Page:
City Supervisors Call to Revamp Police Protocol for Investigating Bike Accidents
"Our Federal government may be shut down, but our local government is still working," Supervisor David Campos said, kicking off the Neighborhood Services and Safety Committee hearing yesterday morning. And that's a good thing, since on the agenda was the issue of police protocol for investigating cyclist and pedestrian traffic-related deaths and serious injuries.
The topic is especially sensitive after the San Francisco Bicycle Coalition came across video footage of the Aug. 14 death of Amelie Le Moullac, the 24-year-old cyclist who was killed by a turning truck on Folsom Street. The footage showed that Le Moullac was actually not to blame for the accident, which was contrary to what police had initially concluded.
Things got worse when a SFPD police sergeant arrived at Le Moullac's memorial and outraged mourners when he reportedly said that cyclists were to blame for most of these car-versus-bike accidents.
And as Supervisor Eric Mar bluntly noted, "People are pissed, over the supposed investigation."
Mar continued: "Is there a bias or blame-the-victim attitude in the San Francisco Police Department?"
Deputy Chief of Police Michael Biel responded to Mar, saying "To use your language, I myself am pissed that that video was not found."
"I do not think there's a bias," he said. "We enforce the laws evenly, for everyone." He then added, "we can do a better job."
But the speakers at the meeting didn't agree that the laws were enforced evenly. A parade of speakers recounted experiences of being treated unfairly, unprofessionally, and unjustly, by police. They told stories of cyclists who had been hit from behind when stopped at a stop sign; cyclists who had been broadsided by cars that had run red lights, yet police still blamed the cyclists; and then there was a cyclist who said he was hit from behind, with a young child in a rear-mounted seat, and was found at fault.
Leah Shahum, executive director for the San Francisco Bike Coalition, used her time at the meeting to advocate for three changes in the SFPD:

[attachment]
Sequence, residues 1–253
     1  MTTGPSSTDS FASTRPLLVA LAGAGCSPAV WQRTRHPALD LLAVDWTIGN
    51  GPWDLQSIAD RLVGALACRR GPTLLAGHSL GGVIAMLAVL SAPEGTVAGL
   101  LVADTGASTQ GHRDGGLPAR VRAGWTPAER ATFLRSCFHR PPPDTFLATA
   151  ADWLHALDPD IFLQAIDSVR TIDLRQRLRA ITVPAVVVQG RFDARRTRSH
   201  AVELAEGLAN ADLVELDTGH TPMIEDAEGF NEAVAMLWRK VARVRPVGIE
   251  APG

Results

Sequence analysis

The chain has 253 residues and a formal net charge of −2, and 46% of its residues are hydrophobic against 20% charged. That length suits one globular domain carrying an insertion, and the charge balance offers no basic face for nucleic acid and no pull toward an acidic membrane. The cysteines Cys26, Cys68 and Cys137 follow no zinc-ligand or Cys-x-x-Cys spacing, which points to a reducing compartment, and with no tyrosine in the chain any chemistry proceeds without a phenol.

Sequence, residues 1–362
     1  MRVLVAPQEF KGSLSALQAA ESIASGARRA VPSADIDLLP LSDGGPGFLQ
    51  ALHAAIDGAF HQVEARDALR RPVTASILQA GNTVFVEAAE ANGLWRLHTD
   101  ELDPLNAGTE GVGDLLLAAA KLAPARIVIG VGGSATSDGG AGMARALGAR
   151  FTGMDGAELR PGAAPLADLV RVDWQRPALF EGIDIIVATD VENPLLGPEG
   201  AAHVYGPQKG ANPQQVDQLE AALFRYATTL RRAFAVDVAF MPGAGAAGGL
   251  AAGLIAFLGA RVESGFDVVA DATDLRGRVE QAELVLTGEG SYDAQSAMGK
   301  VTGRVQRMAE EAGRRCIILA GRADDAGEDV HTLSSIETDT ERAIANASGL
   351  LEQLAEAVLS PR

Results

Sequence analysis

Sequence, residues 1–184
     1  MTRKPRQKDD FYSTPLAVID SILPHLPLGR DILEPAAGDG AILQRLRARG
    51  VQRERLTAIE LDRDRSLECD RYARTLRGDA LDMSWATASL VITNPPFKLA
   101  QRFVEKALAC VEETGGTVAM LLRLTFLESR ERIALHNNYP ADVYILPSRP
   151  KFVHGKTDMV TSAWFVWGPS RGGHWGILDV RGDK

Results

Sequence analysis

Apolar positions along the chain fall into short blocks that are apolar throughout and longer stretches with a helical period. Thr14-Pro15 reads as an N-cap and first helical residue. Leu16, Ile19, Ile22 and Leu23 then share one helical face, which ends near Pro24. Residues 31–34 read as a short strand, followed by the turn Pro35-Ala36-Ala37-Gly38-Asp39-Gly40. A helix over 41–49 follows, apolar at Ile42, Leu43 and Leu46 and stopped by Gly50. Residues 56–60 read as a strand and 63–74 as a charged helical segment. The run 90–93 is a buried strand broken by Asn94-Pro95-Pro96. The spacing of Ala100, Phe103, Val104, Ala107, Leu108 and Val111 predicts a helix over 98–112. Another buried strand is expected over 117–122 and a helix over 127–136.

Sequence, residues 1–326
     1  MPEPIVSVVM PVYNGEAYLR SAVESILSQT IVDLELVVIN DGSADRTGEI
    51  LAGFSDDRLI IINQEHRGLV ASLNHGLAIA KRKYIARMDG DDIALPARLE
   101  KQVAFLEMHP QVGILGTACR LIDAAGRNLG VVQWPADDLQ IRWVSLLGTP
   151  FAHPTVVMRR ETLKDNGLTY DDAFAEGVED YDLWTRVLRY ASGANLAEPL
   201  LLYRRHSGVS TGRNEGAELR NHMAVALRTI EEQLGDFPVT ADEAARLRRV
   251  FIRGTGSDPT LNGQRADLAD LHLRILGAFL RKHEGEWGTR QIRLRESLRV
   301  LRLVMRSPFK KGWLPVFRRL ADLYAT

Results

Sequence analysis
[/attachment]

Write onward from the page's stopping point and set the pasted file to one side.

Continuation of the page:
- Ongoing training of police officers to respond fairly to bike and pedestrian accidents
- Transparency in reporting and handling of traffic enforcement
- Data-driven enforcement that focuses on the most dangerous intersections in the city
"What we want to see is not special treatment, just fair and equal treatment,"
The SFPD, city supervisors, and the Bike Coalition agreed on one thing: There needs to be more traffic enforcement.
Also, there needs to be an attitude adjustment when it comes to sharing the road with pedestrians and cyclists. Both drivers and cyclists spoke about how the increase in bikes on the roads isn't exactly welcomed by many -- including some cops -- and education could help change that.
Deputy Chief Biel must have drawn the short straw and stood in for Chief Suhr, who was across the street reading to kids at the library (that's what it means to make the big bucks). But Suhr might get another chance. The committee wasn't satisfied with one hearing on the matter, and Supervisor David Campos called for a joint hearing with the Police Commission to discuss revamping police protocol for bike and pedestrian accidents.
In the meantime, the Police Department made no promises to change its current practices for handling bike accidents, but at least more than one person is pissed and that's always a good start.
Leif Haven is a writer and cyclist living in the Bay Area. He's can be spotted dragging himself up a hill -- literally and metaphorically.